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They shower up to 3x per day

Yes, that’s an unnecessary amount of showering. But depending on how smelly and sweaty his or her clients are, personal trainers may need to shower in between sessions. Factor in a shower before their first client and then of course before bed (to avoid smelly, sweaty bed sheets, because ew), and you're talking a serious portion of the day just dedicated to getting clean.
 

First dates and family parties become impromptu training sessions

It’s hard to go anywhere -- or meet anyone -- without people teetering into professional territory. Easter brunch becomes a chance for your Uncle Earl to ask about his hip injury, while first dates become a Q&A for the other person to find out how often they should be working out or if gluten is “really that bad.”
 

Smelly pits and back sweat are just another part of the job

From adjusting a newbie’s spin bike, to assisting in stretches at the end of a session, trainers have to turned a blind nose to... whatever that smell is secreting from a client’s pores. Don’t try to hide it for their sake, though -- those who pour on perfume pre-class smell just as horrid.

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They struggle with exercise and diet, too

Just because their bodies are ripped and they spend all day in the gym doesn’t mean trainers don’t get the same cravings everyone else does. The only difference is that personal trainers are expected to turn a blind eye to unhealthy snacks (and other unhealthy habits, like binge watching TV) because their career is based on maintaining their technically good physique.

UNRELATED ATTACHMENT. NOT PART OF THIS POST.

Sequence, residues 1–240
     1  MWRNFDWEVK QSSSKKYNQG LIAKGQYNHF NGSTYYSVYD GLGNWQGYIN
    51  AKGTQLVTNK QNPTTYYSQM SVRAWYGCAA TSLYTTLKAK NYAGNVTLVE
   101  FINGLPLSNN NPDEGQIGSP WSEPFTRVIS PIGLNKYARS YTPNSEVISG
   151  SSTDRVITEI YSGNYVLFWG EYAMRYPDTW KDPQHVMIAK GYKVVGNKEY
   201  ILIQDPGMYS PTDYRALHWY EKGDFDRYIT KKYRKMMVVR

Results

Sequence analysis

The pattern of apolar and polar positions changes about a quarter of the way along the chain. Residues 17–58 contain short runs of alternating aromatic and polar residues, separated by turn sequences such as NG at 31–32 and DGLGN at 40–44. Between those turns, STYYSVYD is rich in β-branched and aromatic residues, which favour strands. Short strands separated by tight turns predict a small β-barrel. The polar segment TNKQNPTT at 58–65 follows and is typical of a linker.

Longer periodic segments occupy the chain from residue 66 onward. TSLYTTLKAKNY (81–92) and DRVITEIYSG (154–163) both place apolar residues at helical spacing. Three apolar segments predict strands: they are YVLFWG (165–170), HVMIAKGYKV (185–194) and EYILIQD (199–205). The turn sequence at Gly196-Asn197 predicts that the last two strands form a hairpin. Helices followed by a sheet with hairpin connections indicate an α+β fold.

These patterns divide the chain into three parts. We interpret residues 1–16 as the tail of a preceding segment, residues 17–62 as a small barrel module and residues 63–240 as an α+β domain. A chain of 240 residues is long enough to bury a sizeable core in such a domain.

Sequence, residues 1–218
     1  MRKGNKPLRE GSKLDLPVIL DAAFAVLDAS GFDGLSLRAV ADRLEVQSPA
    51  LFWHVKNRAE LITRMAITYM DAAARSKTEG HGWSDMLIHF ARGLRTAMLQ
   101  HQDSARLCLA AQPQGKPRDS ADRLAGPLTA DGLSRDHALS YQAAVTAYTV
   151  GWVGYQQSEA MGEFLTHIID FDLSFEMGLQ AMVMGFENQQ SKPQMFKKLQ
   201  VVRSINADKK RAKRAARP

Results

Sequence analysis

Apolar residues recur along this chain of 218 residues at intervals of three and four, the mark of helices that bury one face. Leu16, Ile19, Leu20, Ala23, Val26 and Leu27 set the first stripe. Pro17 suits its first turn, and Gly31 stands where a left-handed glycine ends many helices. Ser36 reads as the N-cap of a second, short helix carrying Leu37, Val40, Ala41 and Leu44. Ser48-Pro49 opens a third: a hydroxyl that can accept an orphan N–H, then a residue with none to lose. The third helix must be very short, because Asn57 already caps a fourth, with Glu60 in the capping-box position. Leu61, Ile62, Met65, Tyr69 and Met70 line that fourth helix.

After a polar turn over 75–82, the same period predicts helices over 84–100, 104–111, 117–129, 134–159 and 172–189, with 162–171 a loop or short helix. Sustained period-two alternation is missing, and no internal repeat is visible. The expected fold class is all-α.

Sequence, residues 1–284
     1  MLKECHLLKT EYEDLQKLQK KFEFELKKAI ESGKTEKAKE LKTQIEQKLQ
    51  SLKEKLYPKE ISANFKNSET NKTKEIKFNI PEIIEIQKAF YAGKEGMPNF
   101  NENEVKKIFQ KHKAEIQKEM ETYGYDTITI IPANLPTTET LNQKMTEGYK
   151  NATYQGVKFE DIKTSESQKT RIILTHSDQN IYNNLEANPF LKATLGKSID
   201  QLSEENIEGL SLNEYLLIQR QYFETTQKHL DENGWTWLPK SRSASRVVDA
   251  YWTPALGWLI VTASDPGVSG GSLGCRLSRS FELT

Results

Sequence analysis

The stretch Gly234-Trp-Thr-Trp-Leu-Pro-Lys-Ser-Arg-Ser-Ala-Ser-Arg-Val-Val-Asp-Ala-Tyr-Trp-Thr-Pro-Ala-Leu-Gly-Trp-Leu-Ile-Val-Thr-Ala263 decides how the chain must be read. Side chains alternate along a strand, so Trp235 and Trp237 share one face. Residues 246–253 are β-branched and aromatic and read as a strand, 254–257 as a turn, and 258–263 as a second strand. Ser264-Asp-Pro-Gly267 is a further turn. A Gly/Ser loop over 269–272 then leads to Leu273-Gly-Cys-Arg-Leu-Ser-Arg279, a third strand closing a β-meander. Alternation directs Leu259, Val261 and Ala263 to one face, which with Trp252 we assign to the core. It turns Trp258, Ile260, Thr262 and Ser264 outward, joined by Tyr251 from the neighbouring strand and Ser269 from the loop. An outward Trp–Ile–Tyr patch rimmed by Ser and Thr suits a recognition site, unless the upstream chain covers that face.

If you think you spend an unnecessary amount of time on Spotify, you have no idea

A high-energy, rocking playlist is essential for any workout, so it’s only natural that personal trainers spend hours every week creating the perfect playlist and looking for new material. They’re also ready to use the Shazam music identifier app at any given moment -- in the car while driving, at the movies, and even at the dinner table at a restaurant.
 

They have to expect the unexpected

Like a deranged rando joining their 6am outdoor bootcamp session in the park. Or a weird gym stalker who is clearly using their sessions to oogle a trainer’s body -- not improve their own.

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And for all that, they don’t make much money

While private trainers can make up to $128,000 annually if they work with top tier clients (think Madonna and J Lo) or in big cities, the median salary for personal trainers is just $18 an hour -- which is a small stipend to receive for dealing with all the above, no?

*Special thanks to Esther Collinetti, Heidi Kristoffer, and YG Studios' Joni David-O'Connor, Lacey Stone, Jason Bayus, Carmel Louis, Ray Wallace, and Amanda Murdock for sharing their bizarro job descriptions with us.

Erin Kelly is a writer, runner and triathlete living in NYC who has definitely daydreamed about punching her spin instructor. You can follow her on Twitter at @erinkellysays.